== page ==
Hoot Review from Harriet Brewing, June 18, 2015
All The Rock Stars In This Town by Becca Marx
In Minneapolis, summer is the season of abundance, and like beasts awakening from hibernation, we must climb out into the sunlight and use it up! Pick the berries, drink in the lilac’s rich scent, and open our arms wide to one another. That last part isn’t always easy for native Minnesotans, but this time of year brings out the best in us.
Thursday’s Hoot (6/18) was a thing of beauty: Bright, almost blinding sun; no more dead-eyed painted women on the walls of Harriet; cold beer; dogs; cats; brewery tour bikers; friends; lovers, whatever, we all drank it in. Jim Walsh sensed the vibe from the moment it started, and welcomed all “the beautiful people” to revel in the show, and to actively listen.
Jim started the night with a song about “being in the moment”, one that, as the phrase implies, will never be finished. A “sketch” of a tune, and that it was, as Walsh ad-libbed lyrics about those in the room, a room truly filled with beauty.
The unfinished concept was one that South Minneapolis native Peter Lochner embraced, and ran with. Lochner’s incomplete song “Little Bit of Nothing” is an ode to finding a way to get through the night, bourbon being one choice. Lochner’s voice is reminiscent of rock and soul, not rock and roll. He’s very animated, clearly enjoys the stage and entertaining a crowd. With vocals reminiscent of Jack Johnson, or a Dave Mathews Delta soul sound, he gave an alluring performance of “Mercy On Me”.
Lochner and fellow Hoot player Angie Oase nearly came to blows with his tongue in cheek song “North Dakota Girls,” a song that didn’t exactly compliment NoDak women. (Oase hails from Minot, N.D.). The two made friends, and the show went on, with Lochner’s beauty of a lovelorn tune “Paris.” Take yourself out to the Central Avenue Bridge on Saturday (6/20), and hear Lochner perform with his full band at The Stone Arch Bridge Fest.
Molly Dean is having a great year, getting a lot of recognition for her work in the duo Moon and Pollution and working on her own solo record. Dean started out with her energetic and plaintive song “I’ve Been Caught,” which proved to be a really great foil for her Jewel-like voice. Dean’s second tune was guitar magic: “Elements” showcased how talented she is at the “Travis picking” style of playing. Seriously, every one of us onstage and off was impressed. Dean is recording at The Terrarium Studios, with Dave Simonett of Trampled by Turtles. Her upcoming solo album, “The Natural Minor,” will come out in November. The record, featuring Erik Koskinen and J.T. Bates, is sure to be fantastic. All those all stars should add up to a great record!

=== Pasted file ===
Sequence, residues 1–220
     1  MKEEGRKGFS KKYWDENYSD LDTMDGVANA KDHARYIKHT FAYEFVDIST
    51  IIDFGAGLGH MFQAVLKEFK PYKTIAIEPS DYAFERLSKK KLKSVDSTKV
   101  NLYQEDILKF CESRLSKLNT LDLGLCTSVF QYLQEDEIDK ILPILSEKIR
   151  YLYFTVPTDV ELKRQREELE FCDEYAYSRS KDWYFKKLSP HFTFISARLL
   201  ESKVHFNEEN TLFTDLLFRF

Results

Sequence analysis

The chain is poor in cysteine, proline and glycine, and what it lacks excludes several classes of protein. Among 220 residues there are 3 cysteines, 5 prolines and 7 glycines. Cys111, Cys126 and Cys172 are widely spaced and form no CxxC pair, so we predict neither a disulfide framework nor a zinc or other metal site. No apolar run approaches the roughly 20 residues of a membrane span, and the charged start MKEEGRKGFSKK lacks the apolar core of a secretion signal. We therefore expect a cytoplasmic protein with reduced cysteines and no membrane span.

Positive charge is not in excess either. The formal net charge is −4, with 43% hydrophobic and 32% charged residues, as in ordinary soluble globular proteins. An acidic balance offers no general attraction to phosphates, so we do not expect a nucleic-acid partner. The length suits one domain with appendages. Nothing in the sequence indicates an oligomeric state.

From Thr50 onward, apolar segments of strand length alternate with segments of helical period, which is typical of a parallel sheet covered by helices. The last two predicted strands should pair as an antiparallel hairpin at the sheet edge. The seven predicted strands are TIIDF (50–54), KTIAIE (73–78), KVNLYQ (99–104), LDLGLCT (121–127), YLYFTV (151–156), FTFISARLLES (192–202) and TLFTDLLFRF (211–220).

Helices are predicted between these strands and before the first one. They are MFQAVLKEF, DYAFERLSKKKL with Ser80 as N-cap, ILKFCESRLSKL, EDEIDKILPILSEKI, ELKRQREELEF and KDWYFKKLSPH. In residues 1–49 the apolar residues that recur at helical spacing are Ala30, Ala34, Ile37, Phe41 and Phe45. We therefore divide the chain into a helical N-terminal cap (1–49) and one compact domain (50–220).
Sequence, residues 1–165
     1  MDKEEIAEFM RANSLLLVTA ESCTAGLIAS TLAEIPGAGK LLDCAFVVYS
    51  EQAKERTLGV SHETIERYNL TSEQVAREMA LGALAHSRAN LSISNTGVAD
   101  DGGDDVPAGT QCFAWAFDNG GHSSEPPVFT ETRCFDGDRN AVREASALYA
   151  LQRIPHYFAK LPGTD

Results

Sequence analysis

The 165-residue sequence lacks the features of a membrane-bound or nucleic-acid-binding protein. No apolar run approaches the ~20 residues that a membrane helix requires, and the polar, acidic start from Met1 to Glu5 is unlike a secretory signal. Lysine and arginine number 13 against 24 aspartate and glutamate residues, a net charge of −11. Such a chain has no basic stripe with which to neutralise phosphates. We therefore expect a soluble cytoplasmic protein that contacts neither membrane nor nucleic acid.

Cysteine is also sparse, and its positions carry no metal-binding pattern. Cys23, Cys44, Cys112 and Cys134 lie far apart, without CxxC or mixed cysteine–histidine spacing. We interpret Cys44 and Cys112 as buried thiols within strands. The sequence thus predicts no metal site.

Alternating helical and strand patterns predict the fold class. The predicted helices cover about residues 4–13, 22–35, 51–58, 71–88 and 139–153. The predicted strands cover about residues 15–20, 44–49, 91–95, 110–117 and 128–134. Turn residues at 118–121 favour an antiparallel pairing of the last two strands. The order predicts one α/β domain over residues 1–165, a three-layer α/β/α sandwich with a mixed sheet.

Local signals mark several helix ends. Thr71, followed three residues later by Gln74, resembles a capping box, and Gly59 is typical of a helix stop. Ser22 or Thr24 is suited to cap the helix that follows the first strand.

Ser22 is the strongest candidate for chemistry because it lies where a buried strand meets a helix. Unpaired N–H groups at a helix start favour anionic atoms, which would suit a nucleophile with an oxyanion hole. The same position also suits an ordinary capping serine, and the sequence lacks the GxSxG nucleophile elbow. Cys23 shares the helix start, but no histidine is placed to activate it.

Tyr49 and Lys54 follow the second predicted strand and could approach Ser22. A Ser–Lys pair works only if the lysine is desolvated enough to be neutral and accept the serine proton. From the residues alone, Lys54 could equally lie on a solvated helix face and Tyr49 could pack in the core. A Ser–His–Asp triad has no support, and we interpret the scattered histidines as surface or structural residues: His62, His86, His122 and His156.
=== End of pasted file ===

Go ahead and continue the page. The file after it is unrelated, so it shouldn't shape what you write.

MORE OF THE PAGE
Hoot first-timer Angie Oase jumped right in, she brought her guitar and harmonica chops (I adored her harmonica duet with Jeff Robertson at the end of Jim’s “Judgment Day”) to her songs, and the others’ songs as well. Oase also encouraged the fellow Hoot players to join in, sharing chord progressions. A songwriter since 5th grade, Oase promised not to sing her early songs, but did perform “Go Quiet,” a favorite from her recently disbanded group Pennyroyal. It’s the sort of a song that gives you chills, especially with its vulnerable, innocent, yet grown-up vocals. “Mercy” is a rocking harmonica-laden song with lyrics referring to “all the rock stars in this town”, that’s off of Pennyroyal’s first album, “Simple Music.”
The song got even better with the addition of great guitar licks from Hoot neighbor John Swardson. Oase is at work on a solo album, but you can see her and fellow Pennyroyal member Brian Cameron (along with Ryan Plewacki & Jeff Marcovis) rocking the Water Tower Park stage at The Stone Arch Bridge Festival 6/20. A chance to hear those missed-but-not-forgotten Pennyroyal songs!
Channeling Eddie Vedder, but with a rough Minnesota tone is singer, songsmith and guitarist John Swardson. Swardson has certainly mastered the guitar, and the type of songwriting that hurts where it counts. The mournful love song “Gone” had me nearly in tears, and from the applause, I’d say that I wasn’t the only one shaken. There’s no pretense in Swardson, at least that’s the impression his music leaves one with. Rugged and earthy, his rendition of Townes Van Zandt’s “Pancho and Lefty” was spot on, and all in. When you cover a great song, you better commit to it, there’s no other acceptable way. Oase gave her all on Dylan’s “Mama You’ve Been on My Mind”, and you’d better on Dylan, or else! Swardson and Oase were great together, their styles really meshed well. The band Bad Blood is Swardson’s main outlet right now, and they’ve an album nearly in the bag. Lucky for us, he’s also writing for a solo album. Might I suggest collaboration with Angie Oase?
Audience member and Hoot veteran Joe Fahey performed a special finale: Bob Marley’s “Three Little Birds.” The players and audience chimed in, and Fahey’s furry friend “Lucy” the pup, joined him onstage for pats. The spontaneous canine moment was one of absolute and utter charm.
Coming full circle back to abundance, this week the music and arts community of Minneapolis explodes en masse: the Kingfield PorchFest, Rock The Garden, and several days of the Stone Arch Bridge Festival, of which a few of the Hoot players will be performing at. Check them out, check it all out! Keep playing, enjoy one another and steep in it!
Becca Marx is a St. Paul-based freelance writer and critic and staff reporter for Rift Magazine.